The scientific activity mostly concerns the histophysiopathology of bone tissue, particularly regarding the following topics: the process of osteoblast-into-osteocyte differentiation; osteocyte metabolic activity in different regions of the skeleton; the role of osteocyte in the cicle of bone remodelling; the osteocyte as mechanosensor and chemoreceptor of bone; the “osteocyte-bone lining cell system” as transducer of mechanical strains into biological signals; static and dynamic osteogenesis during bone histogenesis and bone repair; osteocyte-osteoclast morphological relationships and the putative role of osteocyte in bone remodelling; Leptin expression in the cells of the osteogenic lineage in the skeleton of growing rats and adult humans and Leptin effect on mice fetal primary ossification centers during the early phases of bone histogenesis; Ferutinin effect on the bone metabolism, and correlated side-effects, in preventing and recovering osteoporosis due to estrogen deficiency in ovariectomized rats. Participation to PRIN co-financing in 1997, 1999, 2001, 2004. She was coordinator (2006-2008) of a research project concerning the “Study of human Dental Pulp Stem Cells (DPSC) and their use in regenerative medicine”, financed by funds of CARIMO Foundation and Vignola Foundation. At the moment, she is coordinator of the following research projects: 1) “Study of phytoestrogen effects on osteoblast-like cultures in triggering in vitro osteogenesis in order to improve bone lesion repair” - financed by funds (2009-2010) of Vignola Foundation; 2) “Evaluation of the effects of bio-physic stimuli on chondrogenic differentiation induced in MSCs” – financed by Regional funds 2009-2011 “Regional Project for biomedical” (General Title: “New Device for the treatment of cartilage lesions”).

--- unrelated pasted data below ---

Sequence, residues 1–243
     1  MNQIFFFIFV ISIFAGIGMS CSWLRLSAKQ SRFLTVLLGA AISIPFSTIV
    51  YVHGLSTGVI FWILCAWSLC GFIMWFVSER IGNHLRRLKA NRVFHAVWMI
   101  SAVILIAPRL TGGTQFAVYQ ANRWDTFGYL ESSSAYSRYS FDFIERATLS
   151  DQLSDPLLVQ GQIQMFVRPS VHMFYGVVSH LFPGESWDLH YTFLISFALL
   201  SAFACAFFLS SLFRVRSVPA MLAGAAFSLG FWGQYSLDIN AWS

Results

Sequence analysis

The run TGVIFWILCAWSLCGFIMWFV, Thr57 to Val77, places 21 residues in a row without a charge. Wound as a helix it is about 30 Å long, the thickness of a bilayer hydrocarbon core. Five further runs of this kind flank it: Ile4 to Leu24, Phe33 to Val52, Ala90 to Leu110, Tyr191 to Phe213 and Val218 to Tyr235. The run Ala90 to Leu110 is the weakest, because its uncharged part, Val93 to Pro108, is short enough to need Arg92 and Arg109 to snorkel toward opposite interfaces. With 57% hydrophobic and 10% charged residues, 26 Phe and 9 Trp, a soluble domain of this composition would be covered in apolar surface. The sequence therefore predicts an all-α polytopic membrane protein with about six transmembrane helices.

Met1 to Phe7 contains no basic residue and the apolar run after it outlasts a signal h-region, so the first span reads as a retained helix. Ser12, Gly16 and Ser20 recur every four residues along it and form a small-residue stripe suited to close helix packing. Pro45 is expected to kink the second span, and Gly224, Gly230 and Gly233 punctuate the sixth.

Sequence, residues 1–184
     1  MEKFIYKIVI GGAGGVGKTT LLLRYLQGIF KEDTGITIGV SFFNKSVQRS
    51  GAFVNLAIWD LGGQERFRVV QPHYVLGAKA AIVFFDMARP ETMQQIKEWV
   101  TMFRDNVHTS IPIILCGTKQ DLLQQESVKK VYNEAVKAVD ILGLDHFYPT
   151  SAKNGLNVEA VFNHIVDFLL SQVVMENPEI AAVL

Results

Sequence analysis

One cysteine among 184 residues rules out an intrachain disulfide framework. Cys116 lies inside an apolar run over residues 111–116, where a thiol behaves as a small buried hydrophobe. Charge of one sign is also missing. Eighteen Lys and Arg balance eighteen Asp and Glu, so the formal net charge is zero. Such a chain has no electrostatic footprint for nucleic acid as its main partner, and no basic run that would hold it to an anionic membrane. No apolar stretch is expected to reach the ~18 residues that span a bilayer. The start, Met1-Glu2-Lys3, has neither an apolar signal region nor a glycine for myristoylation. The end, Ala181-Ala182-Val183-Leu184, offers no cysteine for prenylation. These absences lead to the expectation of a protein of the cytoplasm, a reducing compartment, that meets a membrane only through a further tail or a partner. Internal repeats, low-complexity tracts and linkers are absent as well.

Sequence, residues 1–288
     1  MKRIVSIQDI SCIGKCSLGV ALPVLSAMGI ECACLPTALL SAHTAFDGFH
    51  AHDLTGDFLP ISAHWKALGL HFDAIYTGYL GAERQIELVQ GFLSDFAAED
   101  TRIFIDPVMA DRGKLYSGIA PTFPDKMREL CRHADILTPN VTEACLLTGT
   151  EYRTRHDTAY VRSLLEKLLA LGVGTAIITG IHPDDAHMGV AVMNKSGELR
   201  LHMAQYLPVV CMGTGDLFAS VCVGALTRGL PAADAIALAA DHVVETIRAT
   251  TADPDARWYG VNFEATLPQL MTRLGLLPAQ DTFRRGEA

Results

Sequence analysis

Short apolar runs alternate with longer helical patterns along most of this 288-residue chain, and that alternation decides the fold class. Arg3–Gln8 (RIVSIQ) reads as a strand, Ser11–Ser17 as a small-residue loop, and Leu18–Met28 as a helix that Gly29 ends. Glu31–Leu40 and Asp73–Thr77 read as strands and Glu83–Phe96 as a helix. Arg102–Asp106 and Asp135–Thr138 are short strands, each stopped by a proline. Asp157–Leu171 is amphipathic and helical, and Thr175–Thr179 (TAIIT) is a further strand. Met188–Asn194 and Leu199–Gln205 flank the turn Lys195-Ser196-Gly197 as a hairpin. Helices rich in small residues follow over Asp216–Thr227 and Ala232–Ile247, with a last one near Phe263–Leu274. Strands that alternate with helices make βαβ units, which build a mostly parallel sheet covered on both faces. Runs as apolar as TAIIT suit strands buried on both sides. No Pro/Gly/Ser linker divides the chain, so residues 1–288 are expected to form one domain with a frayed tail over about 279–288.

1.Riccio M., Resca E., Bertoni L., Cavani F., Sena P., Ferretti M., Baldini A., Palumbo C., DepolA. RGB method in immunofluorescence investigations on stem cells. Opt Laser Technol 43: 317-322, 2011

2. Ferretti M., Bertoni L., Cavani F., Zavatti P., Resca E., Carnevale G., Benelli A., Zanoli P., Palumbo C. Influence of Ferutinin on bone metabolism in ovariectomized rats. II: role in recovering osteoporosis. J Anat 217: 48-56, 2010

3. Marotti G., Zaffe D., Ferretti M., Palumbo C. Static osteogenesis and dynamic osteogenesis: their relevance in dental bone implants and biomaterial osseointegration. J Osteol Biomater 1(3): 133-139, 2010.

4. Palumbo C., Ferretti M., Bertoni L., Cavani F., Resca E., Casolari B., Carnevale G., Zavatti M., Montanari C., Benelli A., Zanoli P. Influence of ferutinin on bone metabolism in ovariectomized rats. I: role in preventing osteoporosis. J Bone Miner Metab 27:538-545, 2009.

5. Bertoni L., Ferretti M., Cavani F., Zavatti M., Resca E., Benelli A., Palumbo C. Leptin increases growth of primary ossification centers in fetal mice. J Anat 215: 577-583, 2009.